Catching the Kimono Train

I was reading about Chanel No. 6’s blue cut velvet kimono the other day, and thought I’d share my 2 cents from my clipping stash (and past obsession with many things Japanese, though mostly pop / modern).

So here’s the lovely kimono she made, with her step-by-step instruction inspired by an authentic kimono she got from a friend.

And here’s how to wear it
if you really must do housework in it…

Keeping Your Sleeves out of the Soup (and Laundry)

I’m glad I found this, for I thought my mind was going. I vaguely recall seeing something like this, but can’t find any evidence in my clipping stash. Must have been some girl’s manga I was into way back when.

I wished I had found it earlier though. I had made this kimono robe a few years ago. But it got little wear because…well, the sleeves was sharing my soup and much more.

It also doesn’t help that it’s a bit immodest in the back – thanks to not enough yardage as it was just another fabric from the stash. And as Channel No. 6 mentioned, you really do need a very soft, drapy fabric. Mine was a bit spongy – soft, but not limp enough. So it feels a bit too boxy for a shorty like me.

Construction-wise…

Mine is a little bit different from the version Channel No. 6 detailed. It also has the open underarm and inner edge of the sleeve flaps, but without the rectangular insert mentioned in her step 6.

I made mine unlined and reversible as I find the peach side more flattering for my skin tone than the lovely iridescent blue side.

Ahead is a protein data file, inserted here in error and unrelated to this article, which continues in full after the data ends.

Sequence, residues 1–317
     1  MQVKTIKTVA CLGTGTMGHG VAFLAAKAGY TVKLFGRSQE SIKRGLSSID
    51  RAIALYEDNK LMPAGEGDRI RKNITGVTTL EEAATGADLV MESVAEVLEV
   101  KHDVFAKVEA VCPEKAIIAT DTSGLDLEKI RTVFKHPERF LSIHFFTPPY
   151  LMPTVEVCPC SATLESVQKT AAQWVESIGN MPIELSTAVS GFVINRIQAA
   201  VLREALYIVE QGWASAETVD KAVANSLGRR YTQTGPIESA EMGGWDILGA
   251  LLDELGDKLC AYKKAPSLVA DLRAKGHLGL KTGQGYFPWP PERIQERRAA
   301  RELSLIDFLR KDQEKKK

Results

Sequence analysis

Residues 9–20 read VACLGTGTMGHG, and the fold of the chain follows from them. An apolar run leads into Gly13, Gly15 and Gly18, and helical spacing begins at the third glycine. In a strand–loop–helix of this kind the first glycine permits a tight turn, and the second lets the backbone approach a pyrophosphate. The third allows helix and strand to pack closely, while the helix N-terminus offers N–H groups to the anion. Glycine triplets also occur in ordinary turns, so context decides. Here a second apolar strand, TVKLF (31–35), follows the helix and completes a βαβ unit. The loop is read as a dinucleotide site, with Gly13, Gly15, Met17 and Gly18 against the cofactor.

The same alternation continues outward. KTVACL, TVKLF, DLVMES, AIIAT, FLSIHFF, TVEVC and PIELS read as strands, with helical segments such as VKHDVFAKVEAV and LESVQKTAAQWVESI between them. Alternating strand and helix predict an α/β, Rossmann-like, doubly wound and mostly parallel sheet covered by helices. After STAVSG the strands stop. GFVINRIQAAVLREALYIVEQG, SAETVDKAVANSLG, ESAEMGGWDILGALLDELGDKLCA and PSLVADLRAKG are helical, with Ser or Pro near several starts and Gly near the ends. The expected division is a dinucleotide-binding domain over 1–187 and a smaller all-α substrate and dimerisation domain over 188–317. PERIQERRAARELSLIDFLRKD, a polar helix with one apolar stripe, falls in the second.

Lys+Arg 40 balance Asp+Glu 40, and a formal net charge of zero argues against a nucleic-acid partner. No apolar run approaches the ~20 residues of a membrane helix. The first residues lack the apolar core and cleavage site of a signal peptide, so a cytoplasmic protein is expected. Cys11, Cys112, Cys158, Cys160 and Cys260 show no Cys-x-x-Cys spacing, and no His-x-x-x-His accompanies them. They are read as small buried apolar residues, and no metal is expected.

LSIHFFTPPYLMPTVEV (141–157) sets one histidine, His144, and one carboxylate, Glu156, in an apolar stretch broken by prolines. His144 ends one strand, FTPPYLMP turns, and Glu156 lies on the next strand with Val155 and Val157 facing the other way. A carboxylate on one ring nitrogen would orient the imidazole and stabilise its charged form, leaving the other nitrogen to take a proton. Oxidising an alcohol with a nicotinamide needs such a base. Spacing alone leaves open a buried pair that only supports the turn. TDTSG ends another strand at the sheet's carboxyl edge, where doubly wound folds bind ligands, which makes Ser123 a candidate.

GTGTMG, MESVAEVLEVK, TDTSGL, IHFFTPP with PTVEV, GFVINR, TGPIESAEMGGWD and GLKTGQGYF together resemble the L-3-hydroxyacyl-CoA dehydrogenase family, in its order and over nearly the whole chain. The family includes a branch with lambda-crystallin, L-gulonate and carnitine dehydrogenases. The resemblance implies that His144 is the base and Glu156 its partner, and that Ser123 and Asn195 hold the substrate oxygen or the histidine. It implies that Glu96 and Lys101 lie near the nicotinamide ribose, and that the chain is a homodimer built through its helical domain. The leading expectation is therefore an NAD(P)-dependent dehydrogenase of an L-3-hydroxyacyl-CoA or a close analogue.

Mine was based on a Threads article on kimono from Jan 1991. Unlike the recent Burda 7/2011-124, it’s all rectangular pieces of fabric…

It seems relatively authentic – if you can trust Japanese Jenny doll kimono pattern and instruction to be faithful to the real thing…

Variations & Styling…

I love the extra long sleeves of girl’s / single women’s formal kimono. So decadent! There are some styles that don’t seem to be as well known in the west. Like the middle picture below, which is a Meiji period school girl uniform.

Kimonos from different periods

Interestingly the Japanese versions don’t seem to be drapy. Yet the way they wear it still makes them look slim and elegant. I guess what looks like a padded middle and the resultant high-waisted effect create a vertical column that’s slimming…Unlike my unpadded attempt which by betraying a narrower middle paradoxically ended up exaggerating the width above and below the obi belt (actually a wide scarf ).

And the long sleeves of course further emphasize the graceful vertical lines. Love to catch a breeze in those!

Also note how the collar hangs away from the back of the neck in the most deliciously seductive way. As they say, less is more – just a tiny peak of a graceful long neck is way more enticing than acres of skin.

But can one pull off a Japanese styling if one’s not Japanese? I think I’d feel foolish. Costumy is not an issue, but I’d wouldn’t know how to move in it with conviction. And that, I think, is a key ingredient of style.

My all time favourite western styling of a kimono has to be this one from John Galliano’s Autumn/Winter 1994 collection…

John Galliano Autumn/Winter 1994

Supposedly he was so broke he had to resort to cheaper lining fabrics for this collection. Yet the result is stunning.

A real shame then about his recent disgraceful behaviour. But I’ve never been one to put talented people on pedestal. So the fall in no way affects my appreciation of his designs.

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3 comments on “Catching the Kimono Train

    • Erm, like Like!!! Thanks for that link. Wow, free McQueen pattern. Who would have thought.

      But the real mccoy sounds rather uncomfortable to wear. I wonder if it’s something you can put on yourself or if you’d need a maid or helper to wrap you up…

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